Zim Has The Best Breastfeeding Trend: Experts

EXPERTS have commended the country’s breastfeeding trend which is currently amongst the highest in the region  and encouraged mothers to continue breastfeeding even after they would have tested positive for COVID-19.

By Patricia Mashiri

Speaking to HealthTimes, Mr Dexter Chagwena, a Nutritionist Consultant in the Ministry of Health and Child Care said the breastfeeding trend in Zimbabwe has been good even though there is need to improve on exclusive breastfeeding.

Breastfeeding trend in Zimbabwe has been fairly good. We are a breastfeeding country where about between 96-98% of our children are breastfed at some time. We generally tend to breastfeed early enough within the first 30 minutes to an hour after birth and most babies have been breastfed for longer periods.

“What has been worrying is the exclusive breastfeeding rates where babies should get only breastfed for 6months. We only have about 42% of our children who are younger than six months exclusively breastfed. The duration of breastfeeding is supposed to be two years. What we are realizing is that whilst mostly mothers are breastfeeding, they are introducing infant formula or other milks early. General babies who are not breastfed tend not to do well. Breastmilk has some antibodies that protects babies from diseases,” said Chagwena.

He added that mothers who breastfeed had lower chances of developing breast and ovarian cancers.

Dr Tonderayi Matsungo from Department of Nutrition, Dietetics and Food Sciences,  University of Zimbabwe warned young mothers not to rely on infant formula.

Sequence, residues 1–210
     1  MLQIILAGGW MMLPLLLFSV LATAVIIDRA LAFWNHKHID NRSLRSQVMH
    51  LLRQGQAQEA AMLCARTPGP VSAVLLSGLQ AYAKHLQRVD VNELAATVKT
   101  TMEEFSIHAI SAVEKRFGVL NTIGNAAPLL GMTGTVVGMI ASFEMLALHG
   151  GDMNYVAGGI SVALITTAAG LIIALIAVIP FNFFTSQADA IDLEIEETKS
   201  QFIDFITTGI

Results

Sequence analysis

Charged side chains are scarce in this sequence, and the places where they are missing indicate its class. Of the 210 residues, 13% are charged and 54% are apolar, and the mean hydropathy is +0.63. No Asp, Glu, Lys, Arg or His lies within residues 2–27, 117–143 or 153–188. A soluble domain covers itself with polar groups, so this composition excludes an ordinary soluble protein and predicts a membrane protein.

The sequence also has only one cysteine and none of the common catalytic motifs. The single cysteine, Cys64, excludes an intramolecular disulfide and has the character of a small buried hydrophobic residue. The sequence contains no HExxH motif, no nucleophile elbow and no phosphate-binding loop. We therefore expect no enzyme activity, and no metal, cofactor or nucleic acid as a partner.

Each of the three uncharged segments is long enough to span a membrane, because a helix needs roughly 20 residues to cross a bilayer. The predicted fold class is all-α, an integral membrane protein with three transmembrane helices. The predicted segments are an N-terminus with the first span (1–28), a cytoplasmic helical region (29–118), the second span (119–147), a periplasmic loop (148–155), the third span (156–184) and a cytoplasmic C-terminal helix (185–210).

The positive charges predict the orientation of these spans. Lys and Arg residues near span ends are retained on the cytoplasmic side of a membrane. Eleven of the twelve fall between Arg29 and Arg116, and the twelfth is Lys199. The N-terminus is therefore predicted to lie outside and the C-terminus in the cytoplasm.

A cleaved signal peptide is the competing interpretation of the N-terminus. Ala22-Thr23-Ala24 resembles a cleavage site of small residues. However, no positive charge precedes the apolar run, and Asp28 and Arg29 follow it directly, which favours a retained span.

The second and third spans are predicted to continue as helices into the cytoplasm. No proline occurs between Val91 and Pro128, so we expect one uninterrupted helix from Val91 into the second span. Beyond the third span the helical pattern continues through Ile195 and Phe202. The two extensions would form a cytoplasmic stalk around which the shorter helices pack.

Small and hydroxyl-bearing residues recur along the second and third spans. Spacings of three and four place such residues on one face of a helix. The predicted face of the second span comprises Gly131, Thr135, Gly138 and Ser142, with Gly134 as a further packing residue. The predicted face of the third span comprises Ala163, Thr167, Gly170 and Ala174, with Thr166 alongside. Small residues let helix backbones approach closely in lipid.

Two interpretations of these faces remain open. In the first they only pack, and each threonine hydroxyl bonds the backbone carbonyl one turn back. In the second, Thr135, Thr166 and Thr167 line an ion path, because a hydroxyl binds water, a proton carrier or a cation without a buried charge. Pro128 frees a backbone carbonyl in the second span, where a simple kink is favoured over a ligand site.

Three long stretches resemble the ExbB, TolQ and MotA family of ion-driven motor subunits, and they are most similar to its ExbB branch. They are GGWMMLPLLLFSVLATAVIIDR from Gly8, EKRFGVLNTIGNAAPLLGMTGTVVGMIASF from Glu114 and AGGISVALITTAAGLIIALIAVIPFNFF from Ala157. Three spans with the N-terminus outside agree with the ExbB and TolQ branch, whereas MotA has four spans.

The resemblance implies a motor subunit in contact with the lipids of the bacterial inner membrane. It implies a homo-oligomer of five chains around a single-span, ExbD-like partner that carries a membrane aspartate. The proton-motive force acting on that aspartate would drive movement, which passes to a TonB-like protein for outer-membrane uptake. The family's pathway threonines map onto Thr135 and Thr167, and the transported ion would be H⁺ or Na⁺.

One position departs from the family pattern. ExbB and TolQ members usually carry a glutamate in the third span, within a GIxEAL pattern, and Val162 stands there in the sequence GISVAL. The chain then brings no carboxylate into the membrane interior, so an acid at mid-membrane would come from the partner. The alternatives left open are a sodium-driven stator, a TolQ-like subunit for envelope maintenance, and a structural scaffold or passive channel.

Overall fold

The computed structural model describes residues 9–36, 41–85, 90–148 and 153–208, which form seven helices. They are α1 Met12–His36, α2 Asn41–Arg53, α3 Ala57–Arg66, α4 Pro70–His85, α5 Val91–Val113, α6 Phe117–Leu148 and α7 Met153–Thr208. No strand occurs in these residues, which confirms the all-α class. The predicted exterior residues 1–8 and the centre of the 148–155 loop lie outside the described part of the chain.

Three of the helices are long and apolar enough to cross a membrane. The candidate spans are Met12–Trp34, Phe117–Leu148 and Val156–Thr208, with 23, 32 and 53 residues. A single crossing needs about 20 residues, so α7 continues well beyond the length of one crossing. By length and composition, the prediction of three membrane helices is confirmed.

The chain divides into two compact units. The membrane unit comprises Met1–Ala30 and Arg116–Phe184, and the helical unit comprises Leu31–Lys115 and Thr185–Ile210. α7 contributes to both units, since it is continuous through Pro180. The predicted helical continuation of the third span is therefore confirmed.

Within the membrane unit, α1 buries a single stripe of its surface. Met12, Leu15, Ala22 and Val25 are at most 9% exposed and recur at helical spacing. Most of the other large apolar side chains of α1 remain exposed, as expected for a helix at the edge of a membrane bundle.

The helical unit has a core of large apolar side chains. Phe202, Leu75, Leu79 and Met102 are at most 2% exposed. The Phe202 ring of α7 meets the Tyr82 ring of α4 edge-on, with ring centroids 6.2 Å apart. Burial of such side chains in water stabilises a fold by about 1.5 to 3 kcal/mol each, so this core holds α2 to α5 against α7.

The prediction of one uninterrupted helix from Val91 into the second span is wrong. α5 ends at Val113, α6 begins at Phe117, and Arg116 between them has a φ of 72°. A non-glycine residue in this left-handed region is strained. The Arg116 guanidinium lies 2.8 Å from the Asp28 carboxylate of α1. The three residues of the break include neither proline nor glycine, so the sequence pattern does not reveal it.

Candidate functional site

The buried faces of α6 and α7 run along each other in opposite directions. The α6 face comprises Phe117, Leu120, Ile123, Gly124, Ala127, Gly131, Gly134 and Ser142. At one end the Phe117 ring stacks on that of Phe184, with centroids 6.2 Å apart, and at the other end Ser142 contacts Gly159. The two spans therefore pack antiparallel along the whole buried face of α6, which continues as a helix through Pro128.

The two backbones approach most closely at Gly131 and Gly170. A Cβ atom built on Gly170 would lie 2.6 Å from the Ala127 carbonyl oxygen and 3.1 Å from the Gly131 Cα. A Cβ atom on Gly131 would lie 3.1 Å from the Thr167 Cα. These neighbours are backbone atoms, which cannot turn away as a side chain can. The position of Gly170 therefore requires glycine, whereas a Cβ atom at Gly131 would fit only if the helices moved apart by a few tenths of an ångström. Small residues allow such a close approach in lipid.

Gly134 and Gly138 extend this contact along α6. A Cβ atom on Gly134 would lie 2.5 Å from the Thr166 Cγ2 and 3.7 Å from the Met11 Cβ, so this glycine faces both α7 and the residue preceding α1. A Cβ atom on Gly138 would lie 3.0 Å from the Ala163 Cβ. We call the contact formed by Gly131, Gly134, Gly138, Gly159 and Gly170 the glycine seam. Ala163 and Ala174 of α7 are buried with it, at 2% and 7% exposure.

“In Zimbabwe we have been doing fairly well on exclusive breastfeeding. We have room for improvement where we should have all (100%) of the children below 6 months being exclusively breastfed. There are inherent barriers to breastfeeding that still exist in our communities that still need to be addressed at policy and pragmatic levels across all sectors.

“In Zimbabwe majority are breastfed. However, there is a worrying trend of increasing bottle feeding particularly among young and or the working mothers. So, the government and its partners will need to work overtime to promote and protect breastfeeding in our context,” Dr Matsungo said.

Dr Matsungo added that the benefits of breastfeeding new-born babies were huge and likewise, the dangers of not breastfeeding babies were clear and avoidable. He also advised mothers not to stop breastfeeding in attempt to protect the baby from being infected.

“However, COVID-19 positive mothers can still continue to safely breastfeed their babies as the World Health Organization and Ministry of Health and Child Care breastfeeding does not spread COVID-19. There is also massive advertising of breast milk substitutes affects mostly the young mothers. They end up thinking it’s fashionable to give the baby the bottle over breastfeeding,” he said.

Meanwhile, Mr Kudakwashe Zombe, a nutritionist and the National Coordinator for the Zimbabwe Civil Society Scaling Nutrition Alliance (ZCSOSUNA) said there should be more policies supporting breastfeeding mothers especially in working environments.

“Many breastfeeding mothers have challenges in balancing child caring practices including breastfeeding with household work burden. Maternity protection laws in the country do not support, promote or protect breastfeeding women. Women are only given around 98 days of paid maternity leave and most work environments do not have convenient spaces for women to express and store breast milk. These challenges leave some breastfeeding mothers without many options but to give babies other foods.

“We have been engaging policy makers in ensuring that breastfeeding is promoted, protected and supported. This year the parliament of Zimbabwe established a parent friendly room to support lactating parliamentarians and supporting staff,” Zombe said.

The multiple indicator cluster survey (MICS) oF 2019 noted that 42% of children are exclusively breastfed and only 13% are breastfed until the age of two.

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